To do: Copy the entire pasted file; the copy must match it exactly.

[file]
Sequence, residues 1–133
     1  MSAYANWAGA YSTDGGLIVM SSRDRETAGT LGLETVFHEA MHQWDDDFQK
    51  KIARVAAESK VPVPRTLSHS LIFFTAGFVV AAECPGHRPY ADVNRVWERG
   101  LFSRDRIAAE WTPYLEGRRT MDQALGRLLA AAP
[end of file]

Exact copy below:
Sequence, residues 1–133
     1  MSAYANWAGA YSTDGGLIVM SSRDRETAGT LGLETVFHEA MHQWDDDFQK
    51  KIARVAAESK VPVPRTLSHS LIFFTAGFVV AAECPGHRPY ADVNRVWERG
   101  LFSRDRIAAE WTPYLEGRRT MDQALGRLLA AAP